Discussion in 'Setting Development' started by johann77, Dec 1, 2012.
How much is to much detail? Or when is there to much detail?
It really depends on your person writing style and the imagery you are trying to portray. If you are describing down to the tiniest intricate detail, then it may be too much, especially if there is no real significance. Usually, (at least for me) after I have written, I can go back and see if I have added too much detail and fix it. It is easy to get carried away, but too little detail can not correctly portray the imagery and emotions. It really is at your discretion, if it feels right for you then you are good. No one will know how the story pans out except you, make sure you express/explain it enough. Good luck!
You've got to get more specific with your questions!
Anyway, the basic answer is that there's too much detail if it's boring. But that isn't very helpful, because it immediately brings up questions such as: "Boring to whom?" And: "How important are the details to the story?"
My advice to a beginner is to keep detail to a minimum. Then look at the draft and add detail where it seems necessary. There are no hard and fast rules, but starting with little and building from there will probably (in my opinion) get you closer to what you want than starting with too much and trying to cut. Good luck!
It's a balance. You need to have enough detail to describe the scene / setting etc sufficiently for the reader to picture it, and not so much that it becomes distracting from the story / boring. Of course all readers just as all writers are different, and some will want more and some less.
You will sadly never please everyone. But the best way to check is to put the work in the hands of someone else whose judgement you trust and let them decide.
Recently I have wondered the same thing. In the scene I am writing at the moment, a young girl enters a Manor House. I wanted to describe the interior of the entrance hall and I got so carried away with recreating atmosphere that I described everything; the decaying smell of neglect, the panel walls, the sweeping staircase, the furniture and and everything the girl could see, until even I thought I'd gone too far.
I have come to the conclusion the best way to decribe something or someone, is to focus on what is important. Important to the story or the person within the scene. Like a photographer would, they would have a focal point something to draw the eye, everything else would be out of focus (less important) and I think thats the best way to describe things in creative writing. Draw the (minds) eye to the focial point.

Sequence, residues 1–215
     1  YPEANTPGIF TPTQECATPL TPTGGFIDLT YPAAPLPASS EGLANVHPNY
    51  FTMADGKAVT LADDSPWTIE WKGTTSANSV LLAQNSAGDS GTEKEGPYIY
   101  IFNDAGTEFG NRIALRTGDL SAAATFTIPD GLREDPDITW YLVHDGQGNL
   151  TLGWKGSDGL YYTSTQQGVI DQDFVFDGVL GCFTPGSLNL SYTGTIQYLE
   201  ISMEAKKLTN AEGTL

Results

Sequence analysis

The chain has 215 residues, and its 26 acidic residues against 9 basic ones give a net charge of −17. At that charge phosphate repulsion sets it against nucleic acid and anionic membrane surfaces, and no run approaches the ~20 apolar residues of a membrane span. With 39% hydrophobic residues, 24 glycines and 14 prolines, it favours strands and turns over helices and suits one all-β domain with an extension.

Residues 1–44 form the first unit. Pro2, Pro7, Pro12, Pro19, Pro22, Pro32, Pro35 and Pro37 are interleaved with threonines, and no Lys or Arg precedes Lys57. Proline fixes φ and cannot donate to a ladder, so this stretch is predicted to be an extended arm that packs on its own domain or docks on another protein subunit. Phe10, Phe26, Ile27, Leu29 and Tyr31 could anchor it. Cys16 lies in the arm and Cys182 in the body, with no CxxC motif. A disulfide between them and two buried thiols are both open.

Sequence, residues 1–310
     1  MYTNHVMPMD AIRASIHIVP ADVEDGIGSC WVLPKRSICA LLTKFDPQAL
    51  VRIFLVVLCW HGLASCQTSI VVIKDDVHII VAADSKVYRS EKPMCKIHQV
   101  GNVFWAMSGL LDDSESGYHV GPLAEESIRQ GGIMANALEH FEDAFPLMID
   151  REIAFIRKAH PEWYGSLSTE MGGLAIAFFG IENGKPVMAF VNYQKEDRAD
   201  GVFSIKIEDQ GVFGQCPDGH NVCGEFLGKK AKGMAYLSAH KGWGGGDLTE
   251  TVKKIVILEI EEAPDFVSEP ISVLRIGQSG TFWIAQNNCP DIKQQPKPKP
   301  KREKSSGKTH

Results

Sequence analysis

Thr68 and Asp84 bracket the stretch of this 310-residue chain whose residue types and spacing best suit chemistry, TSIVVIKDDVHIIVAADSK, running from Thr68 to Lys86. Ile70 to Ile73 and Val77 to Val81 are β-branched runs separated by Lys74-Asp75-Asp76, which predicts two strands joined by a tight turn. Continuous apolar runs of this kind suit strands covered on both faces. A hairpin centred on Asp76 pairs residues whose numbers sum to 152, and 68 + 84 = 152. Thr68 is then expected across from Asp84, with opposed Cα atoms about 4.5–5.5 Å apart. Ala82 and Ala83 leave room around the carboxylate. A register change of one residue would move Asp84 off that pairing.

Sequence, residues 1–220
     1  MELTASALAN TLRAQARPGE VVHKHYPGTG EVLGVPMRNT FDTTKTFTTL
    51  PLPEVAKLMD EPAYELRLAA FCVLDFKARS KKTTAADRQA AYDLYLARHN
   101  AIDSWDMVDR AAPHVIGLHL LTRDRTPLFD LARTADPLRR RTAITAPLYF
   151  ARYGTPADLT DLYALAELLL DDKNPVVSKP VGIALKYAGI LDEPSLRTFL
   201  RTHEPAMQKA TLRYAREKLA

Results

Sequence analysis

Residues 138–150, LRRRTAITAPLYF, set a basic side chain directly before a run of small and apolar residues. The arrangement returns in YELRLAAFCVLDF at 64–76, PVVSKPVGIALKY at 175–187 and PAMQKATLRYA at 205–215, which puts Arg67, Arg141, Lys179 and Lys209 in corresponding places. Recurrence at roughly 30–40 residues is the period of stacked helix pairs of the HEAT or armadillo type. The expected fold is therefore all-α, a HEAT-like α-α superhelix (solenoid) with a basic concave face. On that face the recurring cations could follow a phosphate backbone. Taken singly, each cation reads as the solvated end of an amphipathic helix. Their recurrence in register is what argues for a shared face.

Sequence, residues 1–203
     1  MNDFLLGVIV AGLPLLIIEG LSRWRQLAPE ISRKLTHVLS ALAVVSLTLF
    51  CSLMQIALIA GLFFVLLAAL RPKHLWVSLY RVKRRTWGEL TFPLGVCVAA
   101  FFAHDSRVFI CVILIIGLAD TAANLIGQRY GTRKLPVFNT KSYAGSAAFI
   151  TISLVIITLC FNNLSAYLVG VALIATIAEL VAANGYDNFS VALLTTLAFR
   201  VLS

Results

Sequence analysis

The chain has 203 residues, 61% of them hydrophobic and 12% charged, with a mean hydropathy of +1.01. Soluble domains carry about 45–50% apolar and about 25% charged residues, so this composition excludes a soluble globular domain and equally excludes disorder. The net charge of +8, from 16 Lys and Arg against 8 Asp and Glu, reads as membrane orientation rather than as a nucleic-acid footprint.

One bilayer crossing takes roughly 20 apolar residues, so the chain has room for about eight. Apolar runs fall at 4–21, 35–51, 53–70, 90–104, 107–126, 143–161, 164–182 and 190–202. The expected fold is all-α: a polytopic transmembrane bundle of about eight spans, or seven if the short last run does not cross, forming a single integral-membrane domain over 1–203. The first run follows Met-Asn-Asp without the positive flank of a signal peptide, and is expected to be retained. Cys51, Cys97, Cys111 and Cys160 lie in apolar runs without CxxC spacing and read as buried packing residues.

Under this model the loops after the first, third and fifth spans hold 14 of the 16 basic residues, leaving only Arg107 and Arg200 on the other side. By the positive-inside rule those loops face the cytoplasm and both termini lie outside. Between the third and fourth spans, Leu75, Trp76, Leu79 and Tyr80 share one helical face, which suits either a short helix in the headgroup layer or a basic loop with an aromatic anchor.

The best is to think of things to describe which tells you something about the place by just being there.
Like a broken vase - why is it broken? It also contributes to the idea of neglect, or violence.
Perhaps there's a teddy bear with one eye missing on a little girl's bed, there're no toys on the shelves. The family's poor, but the parents still try to provide (the teddy) but it's probably the first and only toy the girl has.
What you don't wanna describe is: "He enters a lounge. There is a blue couch in a corner and a TV stand opposite it. In the corner there's a tall bookcase." None of that is interesting and none of these details actually tell me anything unique about the person who lives here. These pictures that you give the reader should tell the reader more than meets the eye - a picture is worth a thousand words, as they say - it is the same with descriptions.
Actually this was Johan77's question not mine but thanks for the idea's. He wanted to know how much description was too much?
BTW* The Manor in question is very old, full of dust and neglect, the old man who lived there, now dead, only occupted one room of the huge manor leaving the rest to decay. This is the girl's new home - she is exploring it for the first time. I wanted to show he wonder but also the neglect and decay without going too far with my descriptions.
Too much detail is any detail that is an afterthought and adds nothing to the story. Added detail always slows the pace, so make sure that part of the story can accept that detail without weakening the action.
As with the other comments here, I agree that careful consideration has to be given to how much detail you include in your descriptions. When reading a book, I get impatient if there is too much detailed description of seemingly unimportant objects/places - it becomes detail for detail's sake, so to speak.
Most newer books I have read tend to err on the side of impressionistic descriptions: giving you a general idea of a room/place and its atmosphere (through use of colours, objects, sound, etc.) but without going into minute detail unless some particular object catches the protagonist's eye/is particularly important. I prefer this approach unless the detail has a purpose. It is more realistic. I seldom go into a room and study everything in it (unless I'm in a museum).
Katherine Mansfield's short stories are full of observational/descriptive detail, but she uses it – in conjunction with narrative techniques like describing the world through the eyes of the character - to build up atmosphere and articulate character psychology. However she still avoids going into minute detail unless it is really important.
Having said that, though, I do think it is also a matter of personal preference: I find it hard to read Dickens sometimes because of his lengthy and detailed descriptions, but some people really enjoy that aspect of his books.